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Kumaramangalam Birla on Vodafone Idea: Will have to shut shop; shares tumble

Vodafone Idea shares crashed about 9 per cent on Friday, spooked by company's chairman Kumar Mangalam Birla statement that the teleco "will have to shut shop" in the absence of government relief. Its stock was trading 8.89 per cent lower at Rs 6.66 apiece on the BSE.

India TV Business Desk Edited by: India TV Business Desk New Delhi Updated on: December 06, 2019 13:30 IST
Kumaramangalam Birla on Vodafone Idea: Will have to shut

Kumaramangalam Birla on Vodafone Idea: Will have to shut shop; shares tumble

Vodafone Idea Ltd, India's one of the largest telecom service provider, is on verge of shutdown if the government does not provide relief on the liability it faces in past statutory dues following a Supreme Court order, said its billionaire chairman Kumar Mangalam Birla on Friday.

"We will have to shut shop" if the government doesn't provide relief that the company has sought. He was responding to a query about the course of action for the company going ahead in the absence of government relief," Birla said at the HT Summit when asked about the future of Vodafone Idea in absence of a government relief on payment of Rs 53,038 crore dues.

Vodafone Idea shares crashed about 9 per cent on Friday, spooked by company's chairman Kumar Mangalam Birla statement. Its stock was trading 8.89 per cent lower at Rs 6.66 apiece on the BSE.

On the NSE, the scrip fell 8.22 per cent to Rs 6.70 a unit. On Thursday, Vodafone Idea shares fell over 5 per cent after Brickwork Ratings downgraded the telecom operator's rating on non-convertible debentures (NCDs)

Birla's Idea Cellular and British telecom giant Vodafone plc's India unit had merged last year to compete with the onslaught of free voice calling and dirt cheap data unleashed by richest Indian Mukesh Ambani's Reliance Jio.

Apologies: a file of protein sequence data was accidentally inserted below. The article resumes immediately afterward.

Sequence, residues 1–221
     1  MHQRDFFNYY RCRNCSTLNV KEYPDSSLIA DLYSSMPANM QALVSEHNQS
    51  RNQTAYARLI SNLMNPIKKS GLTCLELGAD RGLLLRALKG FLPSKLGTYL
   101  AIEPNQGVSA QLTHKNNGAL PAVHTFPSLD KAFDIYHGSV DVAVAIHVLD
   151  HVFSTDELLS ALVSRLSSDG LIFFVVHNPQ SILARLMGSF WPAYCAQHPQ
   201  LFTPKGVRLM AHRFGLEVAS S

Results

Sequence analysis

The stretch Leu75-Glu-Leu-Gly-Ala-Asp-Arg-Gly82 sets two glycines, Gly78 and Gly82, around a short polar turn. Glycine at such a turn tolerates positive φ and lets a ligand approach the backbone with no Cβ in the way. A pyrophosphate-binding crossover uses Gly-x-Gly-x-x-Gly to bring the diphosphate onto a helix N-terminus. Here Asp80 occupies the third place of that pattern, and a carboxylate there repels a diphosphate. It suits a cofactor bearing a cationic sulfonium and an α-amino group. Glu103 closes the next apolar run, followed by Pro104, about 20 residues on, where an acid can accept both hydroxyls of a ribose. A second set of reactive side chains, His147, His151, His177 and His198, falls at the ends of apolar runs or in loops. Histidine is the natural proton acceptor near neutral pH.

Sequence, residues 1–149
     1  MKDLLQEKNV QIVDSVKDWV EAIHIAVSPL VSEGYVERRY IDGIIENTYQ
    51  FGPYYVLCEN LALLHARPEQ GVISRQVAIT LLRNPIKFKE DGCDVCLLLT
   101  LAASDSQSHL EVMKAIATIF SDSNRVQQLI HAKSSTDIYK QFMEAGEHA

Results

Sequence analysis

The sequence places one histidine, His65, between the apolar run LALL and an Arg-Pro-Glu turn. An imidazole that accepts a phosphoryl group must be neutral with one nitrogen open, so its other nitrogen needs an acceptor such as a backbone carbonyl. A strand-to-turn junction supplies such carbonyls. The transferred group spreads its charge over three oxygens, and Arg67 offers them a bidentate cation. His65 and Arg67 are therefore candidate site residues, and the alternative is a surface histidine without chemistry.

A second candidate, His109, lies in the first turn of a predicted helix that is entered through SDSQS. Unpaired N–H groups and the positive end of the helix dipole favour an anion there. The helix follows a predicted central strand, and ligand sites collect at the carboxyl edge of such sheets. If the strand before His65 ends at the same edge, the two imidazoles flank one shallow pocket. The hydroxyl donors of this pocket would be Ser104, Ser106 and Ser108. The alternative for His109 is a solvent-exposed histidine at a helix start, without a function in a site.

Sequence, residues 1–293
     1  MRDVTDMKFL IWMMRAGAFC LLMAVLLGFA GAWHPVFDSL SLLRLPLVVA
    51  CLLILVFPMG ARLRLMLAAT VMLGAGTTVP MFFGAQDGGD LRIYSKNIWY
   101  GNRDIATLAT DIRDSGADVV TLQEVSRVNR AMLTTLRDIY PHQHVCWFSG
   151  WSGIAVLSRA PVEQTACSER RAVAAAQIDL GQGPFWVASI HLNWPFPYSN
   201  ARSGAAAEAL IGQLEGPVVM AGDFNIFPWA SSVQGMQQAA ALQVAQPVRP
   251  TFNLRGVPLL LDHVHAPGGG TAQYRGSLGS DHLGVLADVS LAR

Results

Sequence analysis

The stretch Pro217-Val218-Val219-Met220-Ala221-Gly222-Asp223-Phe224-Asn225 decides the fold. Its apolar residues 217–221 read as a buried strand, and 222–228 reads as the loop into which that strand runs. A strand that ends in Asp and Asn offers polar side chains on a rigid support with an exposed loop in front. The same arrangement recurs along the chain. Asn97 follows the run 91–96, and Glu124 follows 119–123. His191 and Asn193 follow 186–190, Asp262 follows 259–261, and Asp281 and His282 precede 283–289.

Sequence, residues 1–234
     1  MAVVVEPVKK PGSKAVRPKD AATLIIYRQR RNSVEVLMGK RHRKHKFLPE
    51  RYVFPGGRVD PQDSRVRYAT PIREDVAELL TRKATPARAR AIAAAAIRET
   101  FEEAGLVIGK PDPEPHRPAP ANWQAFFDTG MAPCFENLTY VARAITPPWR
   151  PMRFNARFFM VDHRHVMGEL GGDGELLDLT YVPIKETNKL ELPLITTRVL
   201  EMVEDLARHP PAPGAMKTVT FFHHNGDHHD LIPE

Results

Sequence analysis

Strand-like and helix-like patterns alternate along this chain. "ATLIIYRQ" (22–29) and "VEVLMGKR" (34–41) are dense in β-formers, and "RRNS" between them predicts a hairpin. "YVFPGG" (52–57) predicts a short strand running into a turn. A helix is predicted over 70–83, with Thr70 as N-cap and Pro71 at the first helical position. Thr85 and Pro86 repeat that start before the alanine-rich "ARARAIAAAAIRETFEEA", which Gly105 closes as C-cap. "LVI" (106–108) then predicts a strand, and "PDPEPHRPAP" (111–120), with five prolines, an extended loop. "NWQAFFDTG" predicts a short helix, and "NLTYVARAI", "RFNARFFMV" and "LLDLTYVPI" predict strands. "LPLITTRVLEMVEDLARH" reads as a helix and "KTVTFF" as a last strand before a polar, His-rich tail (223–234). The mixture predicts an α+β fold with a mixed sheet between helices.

In the process, it accumulated Rs 1.17 lakh crore debt and had just weeks back posted corporate India's biggest loss after it provisioned for the liability arising from the Supreme Court upholding the government's position on what base should statutory liabilities be calculated.

"It does not make sense to put good money after bad. That would be the end of the story for us. We will shut shop," he said in response when asked if Vodafone Idea will put in more money.

Market leader Bharti Airtel, Vodafone Idea and other telecom players have to pay as much as Rs 1.47 lakh crore in payment of telecom license fee and spectrum usage charge together with interest and penalty for past 14 years.

Both Airtel and Vodafone Idea have petitioned the government for relief in waiver of interest and penalty, which will halve the dues, and also filed a review petition in the Supreme Court.

Birla was however hopeful of a relief from the government not just for the telecom sector but the industry as a whole to pull out the economy from a six-year low GDP growth of 4.5 per cent.

"They (the government) have realised the fact that this (telecom) is a very critical sector. The whole digital india programme rests on this. This is a strategic sector," he said.

The government, he said, has publicly stated that it wants three players from the private sector and one player from the public sector.

"I think that we can expect much more stimulus from the government because it is required for the sector to survive. If we weren't getting anything then I think it is end of story for Vodafone Idea," he said.

The government had late last month deferred by two years the payment due to telecom companies for spectrum they bought in past auctions. This relief totalled Rs 44,000 crore for the industry but companies are expected to pay this due together with interest after the two year moratorium.

Asked about the specific relief sought, Birla said, "The big elephant in the room is AGR. Which is actually I think something which lies in the court of judiciary. I believe government can have a dialogue. This was a suit filed by the government against telecom service providers."

AGR refers to adjusted gross revenues, a percentage of which the telecom companies pay as statutory dues. The Supreme Court had upheld the government position that non-telecom revenues have to be included in the AGR for calculating dues.

"Since the government has won, it gives them headroom to talk to judiciary and try to find some of solution. I don't know which form or shape it takes," he added. 

(With  inputs from PTI)

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